Cornish seal sanctuary rescues first pup of the season

The Cornish Seal Sanctuary has welcomed its first pup of the season after a challenging summer for the charity.

Parsley the pup was rescued at just a few days old, amid fears that she was starving alone on a small beach near Portherras Cove, West Cornwall.

Volunteer medics from the British Divers Marine Life Rescue (BDMLR) monitored Parsley for 24 hours, in case her mother returned.

She was then transferred to the Head & Head Vets in Helston last Thursday (August 18) after roaming the beach alone and calling out for food.

Vets found she was likely born just a few days before, with her umbilical cord attached. She weighed just 10.3kg- less than the standard 14kg for a newborn pup.

Parsley arrives at the Sanctuary Credit: Cornish Seal Sanctuary

The rescue has come at the end of a difficult summer for the sanctuary, as rising bills and inflation has meant fewer people are visiting and donating.

According to Visit Cornwall’s latest trends, visitor attractions have been hit the hardest, as people are choosing free days out to save money.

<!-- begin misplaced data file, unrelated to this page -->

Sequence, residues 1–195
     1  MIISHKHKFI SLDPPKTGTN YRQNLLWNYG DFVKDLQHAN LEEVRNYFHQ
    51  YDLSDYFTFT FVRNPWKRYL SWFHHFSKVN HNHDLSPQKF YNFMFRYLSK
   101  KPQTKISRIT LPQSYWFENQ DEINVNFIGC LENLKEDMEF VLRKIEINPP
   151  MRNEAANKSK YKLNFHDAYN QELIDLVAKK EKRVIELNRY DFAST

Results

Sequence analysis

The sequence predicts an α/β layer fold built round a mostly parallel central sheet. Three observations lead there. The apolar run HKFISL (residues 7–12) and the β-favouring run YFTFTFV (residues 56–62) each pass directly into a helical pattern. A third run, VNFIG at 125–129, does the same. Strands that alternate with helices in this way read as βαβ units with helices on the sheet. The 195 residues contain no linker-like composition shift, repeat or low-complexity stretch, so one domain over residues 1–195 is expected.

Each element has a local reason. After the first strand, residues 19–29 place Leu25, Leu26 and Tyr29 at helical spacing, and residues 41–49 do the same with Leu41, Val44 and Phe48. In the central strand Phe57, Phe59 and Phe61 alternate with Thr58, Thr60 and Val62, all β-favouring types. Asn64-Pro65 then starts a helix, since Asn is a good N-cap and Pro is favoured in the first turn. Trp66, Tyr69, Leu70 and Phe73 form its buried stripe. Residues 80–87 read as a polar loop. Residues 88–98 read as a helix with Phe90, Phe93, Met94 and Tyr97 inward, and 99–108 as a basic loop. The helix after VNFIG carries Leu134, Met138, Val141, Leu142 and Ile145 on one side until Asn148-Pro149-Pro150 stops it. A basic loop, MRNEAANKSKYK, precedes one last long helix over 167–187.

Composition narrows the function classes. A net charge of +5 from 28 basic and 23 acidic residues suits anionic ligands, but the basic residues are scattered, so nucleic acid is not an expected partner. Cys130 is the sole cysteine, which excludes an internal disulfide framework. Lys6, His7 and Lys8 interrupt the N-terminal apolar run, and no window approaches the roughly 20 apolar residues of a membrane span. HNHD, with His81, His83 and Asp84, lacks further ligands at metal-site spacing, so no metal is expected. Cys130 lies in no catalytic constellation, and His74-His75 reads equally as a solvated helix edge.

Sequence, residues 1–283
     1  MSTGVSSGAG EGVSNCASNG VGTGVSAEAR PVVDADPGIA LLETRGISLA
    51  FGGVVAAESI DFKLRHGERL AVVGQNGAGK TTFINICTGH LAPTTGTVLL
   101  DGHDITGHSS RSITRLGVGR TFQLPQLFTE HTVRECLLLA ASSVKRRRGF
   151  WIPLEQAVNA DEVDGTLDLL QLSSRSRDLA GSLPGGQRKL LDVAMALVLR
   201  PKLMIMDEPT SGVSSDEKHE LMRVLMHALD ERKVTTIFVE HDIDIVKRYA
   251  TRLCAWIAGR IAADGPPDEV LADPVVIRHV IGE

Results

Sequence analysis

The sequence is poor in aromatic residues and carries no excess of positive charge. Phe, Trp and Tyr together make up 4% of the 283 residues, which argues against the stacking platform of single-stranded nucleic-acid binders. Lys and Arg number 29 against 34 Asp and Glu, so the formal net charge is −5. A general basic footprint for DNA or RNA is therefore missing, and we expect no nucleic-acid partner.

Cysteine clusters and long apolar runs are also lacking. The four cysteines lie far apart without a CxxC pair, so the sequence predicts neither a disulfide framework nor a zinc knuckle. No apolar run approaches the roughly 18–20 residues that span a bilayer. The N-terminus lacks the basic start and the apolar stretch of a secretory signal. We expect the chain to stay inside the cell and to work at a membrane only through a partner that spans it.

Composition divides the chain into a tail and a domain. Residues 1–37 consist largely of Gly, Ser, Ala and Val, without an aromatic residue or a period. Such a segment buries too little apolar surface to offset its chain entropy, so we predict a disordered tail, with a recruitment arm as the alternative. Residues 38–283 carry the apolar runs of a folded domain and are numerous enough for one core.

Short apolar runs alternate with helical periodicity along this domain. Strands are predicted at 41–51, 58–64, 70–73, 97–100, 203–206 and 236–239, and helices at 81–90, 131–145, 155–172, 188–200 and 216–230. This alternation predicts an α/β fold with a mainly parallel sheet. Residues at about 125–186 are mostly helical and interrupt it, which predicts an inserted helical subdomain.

Jana Sirova, manager of the sanctuary said: “It has been a tough year for many families, charities and businesses, as we’ve seen lots of budgets being tightened to accommodate the hit of cost of living right now.

“However, as a charity, we need all the support we can get to ensure we can continue to care for these beautiful marine mammals, like Parsley, around our coastline for years to come.

“Whether it’s donating to this year’s pup season appeal, visiting our site or even sharing our social media posts, every little helps.”

Parsley is being cared for in the sanctuary’s Seal Hospital, where she will receive night feeds, care and monitoring until she can be released back into the wild.

On average, it costs around £2,000 to rescue and rehabilitate a seal for release, funded by donations and visits to the sanctuary in Gweek, Helston.

The sanctuary monitors the pups on a 24 hour basis Credit: Cornish Seal Sanctuary

Tamara Cooper, Curator at the Cornish Seal Sanctuary, said: “Bringing pups into the sanctuary is always a last resort.

“Though they will receive expert care from our team, the best thing for a pup is to spend as much time with its mother as possible - it’s never an easy decision to take a pup off the beach.”

Last year the sanctuary took in more than 50 pups through autumn 2021 and spring 2022.

The charity advises beachgoers to stay away from pups on the beach and to keep dogs on leads.

If a seal is in distress, the sanctuary urges people to call the England and Wales RSPCA hotline, on 0300 1234 999